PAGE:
The wave of Myanmar refugees dates to 2006, when U.S. Secretary of State Condoleezza Rice ruled that thousands of members of the Karen ethnic group, then living in a camp in Thailand, could resettle in the United States, even if they had supported the political wing of an armed group that had fought the country’s military regime.

One high-profile supporter of scrapping the waivers is House of Representatives Judiciary Committee Chairman Bob Goodlatte, a Republican from Virginia whose staffers were instrumental in drafting Trump’s travel ban. Goodlatte told Reuters he was “pleased that the Trump Administration is reviewing the dangerous policy.”

Groups favoring stricter immigration laws have also applauded the review. Rosemary Jenks, director of government relations at NumbersUSA, called the waivers “a potential security risk.”

“I personally don’t think that a bureaucrat should be deciding how much support for terrorism is enough to be barred,” she said.

A USCIS spokeswoman, when asked if a recipient of an exemption had ever been involved in a terrorism-related case after arriving in the United States, referred Reuters to the Federal Bureau of Investigation, which said it was a question for the State Department to answer.

“I don’t know of any cases where beneficiaries of exemptions have gotten into trouble after arriving,” the State Department official said, noting that the department does not typically track people after they arrive in the United States.

Trump’s order to review the waivers “is another example of an attempt to address a non-existent phantom problem,” said Eric Schwartz, who served in the State Department during the Obama administration.

Schwartz and immigration advocates say the waivers are granted after lengthy review and are extremely difficult to get.

“These are case-by-case exemptions for people who represent no threat to the United States but rather have been caught in the most unfortunate of circumstances,” said Schwartz.

For Raj, the initial ruling that his ransom payment supported a terrorist group led to more than two years in U.S. immigration detention, followed by more years of electronic monitoring. His waiver allowed him to bring his wife to the United States after nine years apart. She now studies nursing.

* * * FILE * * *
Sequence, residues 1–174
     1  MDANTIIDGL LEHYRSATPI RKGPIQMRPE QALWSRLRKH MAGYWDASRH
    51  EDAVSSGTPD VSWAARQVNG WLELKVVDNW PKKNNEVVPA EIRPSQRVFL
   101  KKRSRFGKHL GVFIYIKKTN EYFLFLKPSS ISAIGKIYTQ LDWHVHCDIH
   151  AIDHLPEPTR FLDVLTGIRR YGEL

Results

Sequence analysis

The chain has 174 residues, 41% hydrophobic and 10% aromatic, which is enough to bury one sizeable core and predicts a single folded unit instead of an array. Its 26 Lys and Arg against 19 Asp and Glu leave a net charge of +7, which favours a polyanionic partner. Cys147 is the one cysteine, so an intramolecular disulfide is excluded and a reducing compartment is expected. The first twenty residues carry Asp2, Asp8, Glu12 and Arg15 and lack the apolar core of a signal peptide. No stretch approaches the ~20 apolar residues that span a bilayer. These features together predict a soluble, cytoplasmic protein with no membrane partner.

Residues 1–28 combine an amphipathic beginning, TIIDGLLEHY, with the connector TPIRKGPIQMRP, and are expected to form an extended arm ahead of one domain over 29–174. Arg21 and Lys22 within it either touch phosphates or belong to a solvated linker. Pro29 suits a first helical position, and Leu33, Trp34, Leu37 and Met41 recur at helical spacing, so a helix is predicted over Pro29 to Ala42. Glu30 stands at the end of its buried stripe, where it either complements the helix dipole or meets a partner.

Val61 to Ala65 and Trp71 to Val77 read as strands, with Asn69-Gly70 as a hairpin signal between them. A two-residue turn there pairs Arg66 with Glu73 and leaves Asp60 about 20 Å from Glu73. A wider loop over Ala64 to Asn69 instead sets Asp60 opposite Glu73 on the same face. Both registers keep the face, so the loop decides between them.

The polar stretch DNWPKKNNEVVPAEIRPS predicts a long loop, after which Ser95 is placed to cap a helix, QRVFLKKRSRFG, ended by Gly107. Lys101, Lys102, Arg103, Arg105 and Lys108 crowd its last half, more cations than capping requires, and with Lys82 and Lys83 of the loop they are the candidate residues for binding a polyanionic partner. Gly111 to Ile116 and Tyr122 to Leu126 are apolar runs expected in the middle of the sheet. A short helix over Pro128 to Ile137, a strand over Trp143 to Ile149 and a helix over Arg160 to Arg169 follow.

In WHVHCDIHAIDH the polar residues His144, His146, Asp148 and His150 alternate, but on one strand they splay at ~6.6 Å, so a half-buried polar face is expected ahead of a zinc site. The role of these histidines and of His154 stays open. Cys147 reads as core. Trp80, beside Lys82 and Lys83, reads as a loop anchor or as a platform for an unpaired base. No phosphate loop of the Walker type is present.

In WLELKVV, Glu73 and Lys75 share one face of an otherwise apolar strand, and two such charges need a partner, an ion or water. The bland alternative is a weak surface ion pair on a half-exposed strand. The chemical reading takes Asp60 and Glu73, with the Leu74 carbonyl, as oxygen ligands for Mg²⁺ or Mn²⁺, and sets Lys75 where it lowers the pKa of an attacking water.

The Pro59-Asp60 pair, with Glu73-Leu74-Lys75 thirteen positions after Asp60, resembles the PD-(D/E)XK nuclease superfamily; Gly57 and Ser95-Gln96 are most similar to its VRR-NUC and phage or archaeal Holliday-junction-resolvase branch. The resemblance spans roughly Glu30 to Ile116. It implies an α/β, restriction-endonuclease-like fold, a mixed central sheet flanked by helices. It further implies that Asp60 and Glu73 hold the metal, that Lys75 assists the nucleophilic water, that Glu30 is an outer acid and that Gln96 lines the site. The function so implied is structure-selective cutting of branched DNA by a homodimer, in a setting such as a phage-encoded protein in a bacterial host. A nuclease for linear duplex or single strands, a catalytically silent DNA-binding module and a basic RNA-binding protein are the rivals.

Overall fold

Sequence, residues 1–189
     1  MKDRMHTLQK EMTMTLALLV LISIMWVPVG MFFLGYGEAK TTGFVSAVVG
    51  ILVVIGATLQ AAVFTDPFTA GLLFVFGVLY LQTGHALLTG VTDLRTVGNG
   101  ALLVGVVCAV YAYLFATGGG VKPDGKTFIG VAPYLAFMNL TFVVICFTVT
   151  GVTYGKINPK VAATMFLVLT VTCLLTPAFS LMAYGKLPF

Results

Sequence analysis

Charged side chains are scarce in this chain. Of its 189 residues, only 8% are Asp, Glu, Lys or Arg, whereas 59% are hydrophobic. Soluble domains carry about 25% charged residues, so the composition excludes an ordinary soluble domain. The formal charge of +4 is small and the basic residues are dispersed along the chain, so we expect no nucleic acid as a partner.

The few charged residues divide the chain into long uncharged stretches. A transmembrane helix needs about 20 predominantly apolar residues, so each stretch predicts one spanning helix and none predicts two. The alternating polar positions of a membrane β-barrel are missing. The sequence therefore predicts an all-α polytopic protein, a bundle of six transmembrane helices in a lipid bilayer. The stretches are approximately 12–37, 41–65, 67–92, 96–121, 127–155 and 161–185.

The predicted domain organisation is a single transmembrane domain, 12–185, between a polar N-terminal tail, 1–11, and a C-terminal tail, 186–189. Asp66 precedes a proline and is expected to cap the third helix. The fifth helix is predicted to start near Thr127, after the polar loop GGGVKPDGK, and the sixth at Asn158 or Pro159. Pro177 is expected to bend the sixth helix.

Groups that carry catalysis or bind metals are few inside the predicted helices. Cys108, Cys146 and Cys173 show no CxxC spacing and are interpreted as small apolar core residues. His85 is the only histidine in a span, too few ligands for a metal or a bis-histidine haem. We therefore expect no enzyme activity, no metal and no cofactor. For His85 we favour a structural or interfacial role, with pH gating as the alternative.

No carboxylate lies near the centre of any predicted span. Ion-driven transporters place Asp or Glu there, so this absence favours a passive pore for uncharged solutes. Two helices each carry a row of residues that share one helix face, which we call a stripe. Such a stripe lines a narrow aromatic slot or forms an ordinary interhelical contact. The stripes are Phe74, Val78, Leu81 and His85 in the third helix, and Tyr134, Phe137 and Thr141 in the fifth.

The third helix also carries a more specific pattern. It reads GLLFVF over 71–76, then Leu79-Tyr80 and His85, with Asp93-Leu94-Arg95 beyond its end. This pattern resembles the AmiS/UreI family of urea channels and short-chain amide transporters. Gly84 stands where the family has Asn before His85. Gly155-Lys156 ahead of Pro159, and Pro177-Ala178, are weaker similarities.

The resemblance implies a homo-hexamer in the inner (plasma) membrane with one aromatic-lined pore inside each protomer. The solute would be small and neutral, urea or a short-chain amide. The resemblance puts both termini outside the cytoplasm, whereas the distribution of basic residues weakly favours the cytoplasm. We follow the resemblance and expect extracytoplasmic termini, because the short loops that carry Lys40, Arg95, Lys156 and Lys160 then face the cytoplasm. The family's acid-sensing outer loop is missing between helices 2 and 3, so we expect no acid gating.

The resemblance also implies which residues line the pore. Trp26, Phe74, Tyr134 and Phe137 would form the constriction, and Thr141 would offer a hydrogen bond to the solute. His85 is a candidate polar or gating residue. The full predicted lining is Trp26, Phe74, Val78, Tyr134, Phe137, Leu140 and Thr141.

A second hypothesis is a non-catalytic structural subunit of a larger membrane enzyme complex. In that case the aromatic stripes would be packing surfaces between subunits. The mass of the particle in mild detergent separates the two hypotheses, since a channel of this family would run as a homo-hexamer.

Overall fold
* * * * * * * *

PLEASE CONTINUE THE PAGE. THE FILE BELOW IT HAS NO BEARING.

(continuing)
(Reporting by Mica Rosenberg in New York and Yeganeh Torbati in Washington; Additional reporting by Julia Edwards in Washington and Kristina Cooke in San Francisco; Editing by Sue Horton and Ross Colvin)”

*************************************

Just to illustrate the lunacy of the already over-broad definition of “terrorist,” all of our “founding fathers” would be “terrorists” under this definition.

I heard a number of so-called”terrorist cases” over my time as a trial judge at the Arlington Immigration Court. A few of the folks on the detained docket (during the years I was assigned to that docket) might have potentially been dangerous.

But, most so-called “terrorists” were basically harmless individuals who actually appeared on my non-detained docket even during the “last years” when I was handling the “non-priority docket” (which was actually the overwhelming majority of cases at Arlington).

Most were folks who had supposedly provided “material support” like giving a ride to a rebel who commandeered the respondent’s car at gun point, carrying supply bags a few miles for guerrillas under threat of death, allowing rebels to ransack the family kitchen at gunpoint (sometimes called the “taco rule”), or giving money to a dissident group that was actually being supported by the U.S. in a battle against an oppressive government” (otherwise referred to as “freedom fighters”).